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ARGX-110-based combination therapies have demonstrated potential in treatment-resistant cancers.
arGEN-X, a clinical-stage biopharmaceutical company, and the Clinical Research Department of the University of Bern announced that they have entered into an agreement to develop and commercialize ARGX-110-based therapies for treatment-resistant cancers.
ARGX-110 is a monoclonal antibody that potently blocks CD70-induced tumor cell proliferation and tumor escape from immune surveillance. CD70 is overexpressed in the majority of cancer patients. In addition to modulating CD70 signaling, the enhanced antibody-dependent cellular cytotoxicity (ADCC) of ARGX-110 enables selective destruction of CD70-positive tumor cells.
The license agreement follows a productive collaboration between the two groups, announced in December 2014 at the annual American Society of Hematology conference. Ongoing preclinical work shows the potential of ARGX-110 in treating imatinib resistance in chronic myelogenous leukemia (CML).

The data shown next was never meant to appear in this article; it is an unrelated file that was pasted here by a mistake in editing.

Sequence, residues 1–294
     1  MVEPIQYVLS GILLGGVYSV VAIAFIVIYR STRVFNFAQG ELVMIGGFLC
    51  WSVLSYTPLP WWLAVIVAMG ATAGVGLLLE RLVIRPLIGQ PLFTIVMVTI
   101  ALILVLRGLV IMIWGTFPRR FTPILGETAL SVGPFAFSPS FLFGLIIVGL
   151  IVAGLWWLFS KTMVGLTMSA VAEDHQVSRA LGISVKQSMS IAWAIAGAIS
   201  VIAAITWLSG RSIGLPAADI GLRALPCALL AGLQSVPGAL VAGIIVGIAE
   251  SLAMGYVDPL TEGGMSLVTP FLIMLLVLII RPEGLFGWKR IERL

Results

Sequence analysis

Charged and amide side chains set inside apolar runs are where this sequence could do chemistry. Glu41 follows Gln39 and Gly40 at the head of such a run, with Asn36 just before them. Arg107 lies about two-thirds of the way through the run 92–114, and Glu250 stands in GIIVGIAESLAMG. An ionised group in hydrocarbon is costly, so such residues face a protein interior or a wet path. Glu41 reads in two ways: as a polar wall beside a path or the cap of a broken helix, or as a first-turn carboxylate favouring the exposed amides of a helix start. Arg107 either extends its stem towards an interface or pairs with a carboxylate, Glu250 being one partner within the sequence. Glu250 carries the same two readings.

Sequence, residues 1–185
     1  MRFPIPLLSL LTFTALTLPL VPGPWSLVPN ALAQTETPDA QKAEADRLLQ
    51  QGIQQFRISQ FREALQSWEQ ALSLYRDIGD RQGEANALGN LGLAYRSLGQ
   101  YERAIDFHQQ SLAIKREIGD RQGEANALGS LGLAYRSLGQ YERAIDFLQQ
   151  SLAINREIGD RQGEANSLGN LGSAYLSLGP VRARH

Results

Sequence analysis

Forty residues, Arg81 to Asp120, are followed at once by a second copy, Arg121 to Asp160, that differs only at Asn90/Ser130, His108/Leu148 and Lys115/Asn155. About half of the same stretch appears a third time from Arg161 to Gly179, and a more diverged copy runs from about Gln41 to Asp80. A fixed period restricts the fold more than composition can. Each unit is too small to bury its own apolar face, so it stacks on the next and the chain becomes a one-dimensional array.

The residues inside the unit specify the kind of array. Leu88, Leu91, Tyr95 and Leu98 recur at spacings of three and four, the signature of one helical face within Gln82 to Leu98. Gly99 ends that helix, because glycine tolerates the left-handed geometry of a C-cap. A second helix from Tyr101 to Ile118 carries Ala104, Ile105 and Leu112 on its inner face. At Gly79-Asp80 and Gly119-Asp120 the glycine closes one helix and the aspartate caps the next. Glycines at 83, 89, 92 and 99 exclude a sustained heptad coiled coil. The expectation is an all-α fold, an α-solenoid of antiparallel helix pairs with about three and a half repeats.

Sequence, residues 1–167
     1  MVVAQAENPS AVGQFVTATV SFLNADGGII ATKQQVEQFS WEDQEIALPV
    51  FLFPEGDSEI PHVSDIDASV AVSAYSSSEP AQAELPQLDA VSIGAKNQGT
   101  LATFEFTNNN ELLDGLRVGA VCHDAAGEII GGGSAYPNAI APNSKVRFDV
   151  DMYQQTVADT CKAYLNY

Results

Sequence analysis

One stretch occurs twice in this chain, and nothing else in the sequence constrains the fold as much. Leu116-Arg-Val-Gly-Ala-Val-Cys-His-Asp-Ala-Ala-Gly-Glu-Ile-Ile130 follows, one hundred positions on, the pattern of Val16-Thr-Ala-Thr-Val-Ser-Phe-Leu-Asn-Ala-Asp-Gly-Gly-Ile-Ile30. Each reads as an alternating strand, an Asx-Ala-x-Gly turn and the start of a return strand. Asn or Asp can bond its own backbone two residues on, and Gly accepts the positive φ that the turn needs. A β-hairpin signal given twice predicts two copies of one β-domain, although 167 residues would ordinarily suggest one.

“The multi-faceted clinical potential of ARGX-110 in CD70 positive tumors is unfolding rapidly as we progress through preclinical and clinical development. Together with our collaborators in Bern, our discovery that CD70 blockade overcomes resistance to tyrosine kinase inhibitor treatment in CML patients offers an exciting in-road into combination therapy with ARGX-110. Through this collaboration, we have built a deeper understanding of the role of leukemia stem cells (LSCs) in CML and how CD70 plays a role in establishment of resistance to standard of care therapies,” commented Hans de Haard, chief scientific officer of arGEN-X, in a press release.
“LSCs are responsible for the development of imatinib resistance. This resistance is caused by imatinib-dependent increase of CD70 expression which signals through its known receptor, CD27, resulting in the alternative activation of the Wnt signaling pathway. Combination therapy of imatinib and CD70 blockade has been shown to eliminate LSCs both in a murine CML model and in CML tumor xenografts,” said Carsten Riether and Adrian Ochsenbein, who are leading the research project at the University of Bern.